A Graphic Artist

Whimsical illustrator Molly Crabapple thinks outside The Box

Story by Jennifer Wright / Photography by Ellen Jong

Molly Crabapple

She may have skin as white as snow, and lips as red as blood, and there may even be an apple involved, but please, don’t be confused. Molly Crabapple is no cartoon character. She just draws them.

You may have spotted one of her works from her political series hanging in New York’s Museum of Sex. You’ll certainly be seeing more once Molly’s graphic novel, Scarlett Takes Manhattan, is released in July. Yet Scarlett’s escapades as she scales the social ladder in New York’s “gilded age” can hardly compare to Molly’s own life experiences. The heroine may contend with all manner of decadence over a period of time in vaudeville-era Manhattan — but Molly encounters riotous events almost nightly as The Box’s resident sketch artist. When skimming those drawings you can identify some of the fascinating personalities of modern Manhattan’s most debauched nightclub. And the burlesque acts there, which Molly always immortalizes in her inimitable, colorful style, would hardly pass muster in the 1880s. Molly notes that The Box is “like a 21st century Moulin Rouge, where New York’s aristocrats mingle with its artistic demimonde.”

For all she’s often said to be The Box’s Toulouse Lautrec, her personal style is more akin to Kiki de Montparnasse. She’s a former burlesque performer herself, and used to pose at the Society of Illustrators in New York for their Jazz and Drawing sessions, among other places. She eventually gave up artists’ modeling as it ruined her back, and worse, lacked romanticism. Molly says that many people try life modeling because they assume that the experience will be a little decadent, but more often find that they’re viewed as something akin to a bowl of fruit.

She’s tried to remedy that dreary feeling by founding Dr. Sketchy’s Anti-Art School, where modern day bohemians come together to paint outrageously attired burlesque models while sipping absinthe (and other, more contemporary alcoholic beverages). There are also games and contests to add to the merriment. It all combines to form a tipsy, good natured scene rarely witnessed since the early days of the Moulin Rouge.

Of course, it helps that Molly has seen the Moulin Rouge first hand. At seventeen, she traded her native New York for Paris, where she earned her nom de guerre (she was born Jennifer Caban). The name was awarded to her by a boyfriend who didn’t think she was very sweet. She also honed her art while residing at The Shakespeare and Co. Bookstore where the owner allowed her to live in exchange for a few hours of work in the store. She drank cheap wine and later, ran off to the South of France with a Middle Ages scholar. She also learned to sneak a dozen people into the subway in under 30 seconds flat — though you’ll have to contact her for details on how to manage that.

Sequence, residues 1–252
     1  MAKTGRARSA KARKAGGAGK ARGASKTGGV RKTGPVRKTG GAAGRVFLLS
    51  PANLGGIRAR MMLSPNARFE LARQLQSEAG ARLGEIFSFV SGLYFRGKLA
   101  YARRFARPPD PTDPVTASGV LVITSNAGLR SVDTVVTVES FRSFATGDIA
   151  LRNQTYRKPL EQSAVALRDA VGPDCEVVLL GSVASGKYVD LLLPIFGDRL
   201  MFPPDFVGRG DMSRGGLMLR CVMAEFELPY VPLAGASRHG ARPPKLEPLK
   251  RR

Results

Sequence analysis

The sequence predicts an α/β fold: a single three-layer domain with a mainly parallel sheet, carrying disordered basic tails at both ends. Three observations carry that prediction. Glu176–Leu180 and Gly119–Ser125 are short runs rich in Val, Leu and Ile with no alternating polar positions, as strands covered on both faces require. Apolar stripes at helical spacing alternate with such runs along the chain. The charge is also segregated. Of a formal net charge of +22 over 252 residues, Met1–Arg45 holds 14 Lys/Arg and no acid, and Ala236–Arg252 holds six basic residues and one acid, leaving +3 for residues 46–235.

However, it wasn’t long before she fled France for the exoticism of the Middle East. Once she arrived, Molly promptly ended up doing jail time in a Turkish prison. She had, admittedly, chosen an inopportune time to visit Turkey, which was in the midst of a civil war between the Turks and the Kurds. The government was fearful that Western journalists were coming in and reporting on the matter in a negative light. As a result, the fact that Molly was sketching and chatting with locals was highly suspect. She was quickly escorted off by the police, and spent a several hours sobbing in jail before they released her. “It was a rather surreal experience,” says Molly. “Imagine Turkish army guys with machine guns serving you tea and asking you about miniskirts. They were very polite, but you weren’t allowed to leave.” Still, Molly recalls the rest of the Middle Eastern experience fondly, citing the silver roads and green hills in Turkish Kurdistan, and the labyrinthine medinas of Morocco. She also notes that leaving home and living abroad gave her a sense of independence and cunning that have proven to be invaluable.

Today, her work with Dr. Sketchy’s affords her ample travel time, as branches of the bohemian class have sprung up around the world. Originally based in Brooklyn, you can now visit a Dr. Sketchy’s everywhere from Sydney to Stockholm. “No one ever expects their hobby to take over the world,” she says.

Most recently, Molly returned from a trip across Europe where she had the opportunity to stop at various branches of Dr. Sketchy’s. “My finest moment was speaking (and then posing) for hundreds of Helsinki-ites at Kiasma Museum, the largest contempary art museum in Finland. To think — my baby invading such white-walled splendor!”

All Snow White ever did was clean house and cook for a bunch of short men. Sometimes — especially in the glamorous Molly Crabapple’s case — real life does outdo the fairy tale.

Clicky